Is there any way out of this mess? When Congress reconvenes in early January, Senate Majority Leader Harry Reid (D-Nev.) will push a retroactive extension of the benefits. Rep. Chris Van Hollen (D-Md.) is urging Democrats to withhold support for the farm bill unless it addresses unemployment insurance.

"The people that are unemployed for a long period of time are Democrats and they are Republicans," Reid said last week. "This is an issue that Republicans, I think, need more than we need it. This is something I think will be extremely difficult for them to turn away from."

But because the spending on unemployment benefits will not be accompanied by a spending reduction, many Republicans are likely to vote against it.

Advertise on MotherJones.com

North Carolina Home Schools to Get Public School Money

| Tue Dec. 17, 2013 6:00 AM EST
The Paramount Christian Academy in Thomasville, North Carolina.

In July, the increasingly right-wing legislature in North Carolina passed a bill to divert $10 million from the public school budget to create vouchers that would give low-income students up to $4,200 a year to pay for private school tuition. Such vouchers are a popular conservative proposal for "reforming" failing public schools.

North Carolina's vouchers, which will become available in 2014, allow public money to go to unregulated private schools that are not required to meet any educational or teacher preparation standards. In addition, thanks to the way the law was written, the money will be available to "home schools"—literally schools set up in someone's house. Homeschooling traditionally has been done by parents. But the state recently changed its home schooling law to allow people who aren't parents or legal guardians educate kids in a group setting. The only requirement for such schools is that the teacher have a high school diploma, that the school keep immunization and attendance records on its students, and that it give kids a national standardized test every year.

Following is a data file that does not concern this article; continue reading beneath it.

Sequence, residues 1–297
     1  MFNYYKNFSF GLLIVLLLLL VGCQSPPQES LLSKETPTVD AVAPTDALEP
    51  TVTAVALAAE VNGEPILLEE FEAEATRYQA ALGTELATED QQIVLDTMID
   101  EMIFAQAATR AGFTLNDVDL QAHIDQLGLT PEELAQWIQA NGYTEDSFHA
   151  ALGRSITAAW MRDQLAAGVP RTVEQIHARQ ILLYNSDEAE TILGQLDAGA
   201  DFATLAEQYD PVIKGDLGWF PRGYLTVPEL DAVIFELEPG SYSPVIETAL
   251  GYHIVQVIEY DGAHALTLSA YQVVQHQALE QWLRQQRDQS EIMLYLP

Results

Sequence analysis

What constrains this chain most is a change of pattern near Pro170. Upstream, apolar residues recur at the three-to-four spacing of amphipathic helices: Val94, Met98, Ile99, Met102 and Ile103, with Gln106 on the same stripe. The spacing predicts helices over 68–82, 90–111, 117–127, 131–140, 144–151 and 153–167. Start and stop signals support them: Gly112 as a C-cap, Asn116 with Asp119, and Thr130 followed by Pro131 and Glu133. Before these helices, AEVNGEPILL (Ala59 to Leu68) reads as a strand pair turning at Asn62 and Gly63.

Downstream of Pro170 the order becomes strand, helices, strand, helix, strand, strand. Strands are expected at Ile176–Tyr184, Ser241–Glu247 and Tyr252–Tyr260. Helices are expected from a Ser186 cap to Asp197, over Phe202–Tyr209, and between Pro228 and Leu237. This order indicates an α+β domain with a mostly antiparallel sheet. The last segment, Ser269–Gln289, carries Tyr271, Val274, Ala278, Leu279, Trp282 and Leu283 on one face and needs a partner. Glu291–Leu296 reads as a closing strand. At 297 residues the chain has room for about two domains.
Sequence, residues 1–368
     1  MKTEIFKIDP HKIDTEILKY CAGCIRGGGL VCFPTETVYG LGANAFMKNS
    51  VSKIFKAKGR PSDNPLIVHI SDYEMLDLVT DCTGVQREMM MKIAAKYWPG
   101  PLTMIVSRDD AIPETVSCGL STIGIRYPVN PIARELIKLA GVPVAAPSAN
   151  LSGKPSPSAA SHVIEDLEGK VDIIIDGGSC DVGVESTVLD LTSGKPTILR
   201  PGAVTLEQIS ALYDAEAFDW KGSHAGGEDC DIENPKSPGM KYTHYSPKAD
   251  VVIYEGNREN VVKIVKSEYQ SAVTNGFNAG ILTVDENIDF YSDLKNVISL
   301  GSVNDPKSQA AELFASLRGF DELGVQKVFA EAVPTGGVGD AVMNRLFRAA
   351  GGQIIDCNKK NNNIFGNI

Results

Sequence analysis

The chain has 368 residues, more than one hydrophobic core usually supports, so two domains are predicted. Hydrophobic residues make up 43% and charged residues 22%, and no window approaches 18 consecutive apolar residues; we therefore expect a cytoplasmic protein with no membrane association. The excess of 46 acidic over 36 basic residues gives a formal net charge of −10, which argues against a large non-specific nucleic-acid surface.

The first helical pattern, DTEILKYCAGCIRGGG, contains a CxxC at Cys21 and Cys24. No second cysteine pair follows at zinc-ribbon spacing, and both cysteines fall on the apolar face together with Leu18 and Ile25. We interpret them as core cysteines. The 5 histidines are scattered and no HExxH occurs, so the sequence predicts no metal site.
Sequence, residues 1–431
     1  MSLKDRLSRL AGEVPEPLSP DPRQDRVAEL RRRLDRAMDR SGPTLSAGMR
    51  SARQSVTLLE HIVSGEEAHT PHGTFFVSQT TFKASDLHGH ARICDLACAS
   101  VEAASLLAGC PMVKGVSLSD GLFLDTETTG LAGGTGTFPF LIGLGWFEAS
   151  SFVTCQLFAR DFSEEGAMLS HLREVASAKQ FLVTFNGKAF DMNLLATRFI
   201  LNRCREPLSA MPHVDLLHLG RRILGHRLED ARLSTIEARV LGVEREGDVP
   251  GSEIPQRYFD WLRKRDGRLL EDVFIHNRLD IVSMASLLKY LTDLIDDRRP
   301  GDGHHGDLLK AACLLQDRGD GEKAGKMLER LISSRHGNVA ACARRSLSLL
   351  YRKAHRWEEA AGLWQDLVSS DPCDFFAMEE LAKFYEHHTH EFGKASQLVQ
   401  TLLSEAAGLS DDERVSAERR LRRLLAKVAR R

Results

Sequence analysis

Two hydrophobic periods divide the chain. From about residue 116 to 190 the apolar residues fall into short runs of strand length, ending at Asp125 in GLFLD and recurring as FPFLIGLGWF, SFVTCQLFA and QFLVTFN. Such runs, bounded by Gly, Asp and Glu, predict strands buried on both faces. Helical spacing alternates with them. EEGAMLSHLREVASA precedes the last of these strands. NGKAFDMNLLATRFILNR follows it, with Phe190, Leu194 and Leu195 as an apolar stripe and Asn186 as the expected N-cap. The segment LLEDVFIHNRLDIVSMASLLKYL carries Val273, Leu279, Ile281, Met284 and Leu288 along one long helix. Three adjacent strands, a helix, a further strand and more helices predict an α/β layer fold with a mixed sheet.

NC Policy Watch, a project of the nonprofit North Carolina Justice Center, went out and found some interesting "home schools" that may be eligible for taxpayer funding next year. The Paramount Christian Academy has one teacher who teaches her granddaughter, a neighbor's kid, and one special-needs student. It uses textbooks from Bob Jones University and A Beka Book, whose offerings we've chronicled here at Mother Jones.

As Deanna Pan explained last year, such instructional materials teach Bible-based "facts"—such as the existence of the Loch Ness Monster. The materials also suggest that the Ku Klux Klan "tried to be a means of reform, fighting the decline in morality and using the symbol of the cross" and that dinosaurs and humans lived at the same time, for instance. Gay people are singled out for special scorn in one Bob Jones teachers' guide, which says that they "have no more claims to special rights than child molesters or rapists." And math haters—these books are for you. The company writes on its website:

Unlike the 'modern math' theorists, who believe that mathematics is a creation of man and thus arbitrary and relative, A Beka Book teaches that the laws of mathematics are a creation of God and thus absolute…A Beka Book provides attractive, legible, and workable traditional mathematics texts that are not burdened with modern theories such as set theory.

These sorts of materials are now allowed in Louisiana's voucher program as well, but North Carolina seems unique in diverting taxpayer dollars both to schools that teach wacky Christian curricula and to basically anyone who claims to be a "home school." The state only has a single employee dedicated to overseeing its existing 700 private schools, which get visited on average once every three years, according to NC Policy Watch, making the state's ability to regulate home schools highly questionable. That's not the sort of data point that supports the idea that vouchers will help improve school performance of low-income kids, especially when you consider the experience of other states.